Lambeth Council held the second in a series of ‘Future Thinking’ events at the Town Hall in Brixton on the 27th March. Future Thinking events allow people to share ideas across organisations and between professionals and residents, building capacity and stronger networks as we go.
The topic for this event was cohesion and resilience. Lambeth’s cooperative ambitions are founded on the idea that the council can work in partnership with residents, and that power can be devolved to communities, giving them greater freedom to shape their own lives. There is recognition, therefore, that a cooperative borough needs resilient communities that have the capacity to participate.
Most people will think of resilience as being able to bounce back from damaging events, but for Lambeth resilience means more than that. It means being flexible and having the ability to adapt to changing circumstances, be they evolutionary changes or sudden changes. This applies to both individuals as well as to communities. This event brought people together to discuss the strength of Lambeth communities, what resources there were to build cohesion and resilience, and what circumstances might threaten that resilience.
On the night it was a great turn out with a vibrant crowd who got involved in the workshops and listened to two superb and thought provoking presenters. First up was Nicola Bacon from the Young Foundation who presented findings from the Local Wellbeing Project, where they have explored the meaning of wellbeing and how is it best measured, delving deeper into communities rather than just looking at deprivation statistics. One of the key findings from their research is that an individual’s resilience is key to their wellbeing and the extent to which they are able to thrive. The Young Foundation have taken practical steps to pilot teaching resilience in schools with interesting results. On a larger scale, the YF have tried to understand why different communities with similar socio-economic profiles can have very different outcomes. They argue that policy that focuses on wellbeing and resilience can improve other outcomes such as educational achievement, community engagement and parenting support.
More information on Nicola’s research can be found here: http://www.youngfoundation.org/publications/books/the-state-happiness-january-2010
The second presentation was by Max Wind-Cowie from Demos. He presented findings from research carried out on ‘pride and patriotism’, explaining that there is disconnect between political narratives of patriotism and ordinary citizens’ pride in Britain. Max explained how the data he had gathered suggested that pride does not come from top down narratives such as the royal family, or progressive values. Rather, modern British patriotism is founded in a emotional connection to the everyday acts, manners and kindnesses that British people see in themselves; pride and patriotism are hyper-local. This is important for those thinking about how to engage communities and boost participation. Those who love their country or their locality, for example, are likely to volunteer more and to trust their neighbours more than those who are either ambivalent or ashamed about Britain and their locality.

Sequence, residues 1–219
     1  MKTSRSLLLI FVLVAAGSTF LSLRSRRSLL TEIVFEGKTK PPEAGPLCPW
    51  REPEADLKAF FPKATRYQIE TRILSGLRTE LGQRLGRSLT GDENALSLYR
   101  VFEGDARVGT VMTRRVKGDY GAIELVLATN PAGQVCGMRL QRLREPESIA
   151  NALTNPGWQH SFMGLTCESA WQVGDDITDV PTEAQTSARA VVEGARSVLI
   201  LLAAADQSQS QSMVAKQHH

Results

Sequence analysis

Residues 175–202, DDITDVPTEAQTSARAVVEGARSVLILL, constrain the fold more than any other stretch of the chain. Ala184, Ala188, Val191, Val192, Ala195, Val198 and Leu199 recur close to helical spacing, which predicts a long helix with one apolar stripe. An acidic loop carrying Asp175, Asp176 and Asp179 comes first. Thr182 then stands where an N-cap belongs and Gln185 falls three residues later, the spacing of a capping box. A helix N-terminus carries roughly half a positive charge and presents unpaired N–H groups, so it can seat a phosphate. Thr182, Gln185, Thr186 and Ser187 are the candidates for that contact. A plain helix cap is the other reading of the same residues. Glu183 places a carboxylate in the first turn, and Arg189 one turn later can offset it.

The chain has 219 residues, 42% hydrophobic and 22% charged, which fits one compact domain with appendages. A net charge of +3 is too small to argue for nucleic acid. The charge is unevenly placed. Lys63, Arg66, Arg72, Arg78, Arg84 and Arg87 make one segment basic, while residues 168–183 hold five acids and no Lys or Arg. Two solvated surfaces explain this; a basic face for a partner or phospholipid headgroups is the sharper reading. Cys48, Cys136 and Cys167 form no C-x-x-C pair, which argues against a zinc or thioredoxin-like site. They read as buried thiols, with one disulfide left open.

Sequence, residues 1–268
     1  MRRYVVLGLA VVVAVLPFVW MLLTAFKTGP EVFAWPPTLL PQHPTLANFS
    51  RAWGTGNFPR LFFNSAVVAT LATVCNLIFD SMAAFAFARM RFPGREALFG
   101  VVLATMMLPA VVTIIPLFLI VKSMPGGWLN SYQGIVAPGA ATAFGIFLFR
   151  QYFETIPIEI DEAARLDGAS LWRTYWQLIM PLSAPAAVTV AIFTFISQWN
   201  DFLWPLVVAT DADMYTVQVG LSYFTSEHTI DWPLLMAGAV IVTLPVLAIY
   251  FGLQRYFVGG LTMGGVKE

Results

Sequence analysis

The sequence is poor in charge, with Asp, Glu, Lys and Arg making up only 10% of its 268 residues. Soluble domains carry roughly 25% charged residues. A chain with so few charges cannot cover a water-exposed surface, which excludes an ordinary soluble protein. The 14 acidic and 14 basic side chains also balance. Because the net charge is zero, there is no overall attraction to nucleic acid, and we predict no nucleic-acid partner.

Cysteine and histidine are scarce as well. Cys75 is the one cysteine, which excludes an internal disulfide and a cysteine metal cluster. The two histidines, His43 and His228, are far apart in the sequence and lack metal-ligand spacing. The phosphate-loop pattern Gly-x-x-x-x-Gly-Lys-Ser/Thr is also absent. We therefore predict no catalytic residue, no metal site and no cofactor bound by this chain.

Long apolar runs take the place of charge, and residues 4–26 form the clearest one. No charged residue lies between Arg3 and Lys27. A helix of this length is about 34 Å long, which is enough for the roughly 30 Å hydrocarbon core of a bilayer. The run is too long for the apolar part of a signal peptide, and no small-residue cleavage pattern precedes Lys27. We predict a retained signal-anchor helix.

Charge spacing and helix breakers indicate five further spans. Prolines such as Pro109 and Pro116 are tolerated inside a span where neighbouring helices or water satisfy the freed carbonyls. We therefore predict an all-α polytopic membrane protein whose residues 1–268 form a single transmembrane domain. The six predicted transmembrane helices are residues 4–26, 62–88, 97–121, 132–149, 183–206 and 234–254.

For more on his research, follow this link: http://www.demos.co.uk/publications/aplaceforpride
Between the two presentations we conducted two workshop exercises where we invited people to explore the themes of cohesion and resilience in more detail. Firstly we asked people to identify examples of community resilience in Lambeth, thinking about areas where it is strong, and where it is under threat due to changes in the political and economic landscape. We then invited people to record these examples on large maps of Lambeth, adding a geographic dimension. Some of the examples identified were:
Examples under threat
In the second workshop we asked people to discuss what it means to belong in Lambeth and how this is changing over time. Building on the examples identified in the first session, we asked what people thought Lambeth’s communities might look like in the future, and what can be done now to influence it. Participants recorded their conversations as a ‘postcard from the future’ to people in the present day, outlining what Lambeth is like in 2020 and what happened to get there. People were very imaginative with this and we got some interesting feedback, photos of these postcards can be seen below:
The next Future Thinking event will take place soon and the topic is Localism, and what this will mean on a practical level for both residents and public services. Invites will be sent out shortly. If you wish to discuss any aspect of this event in more detail, please contact Nathan Pierce in Lambeth Council on 0207 926 6917.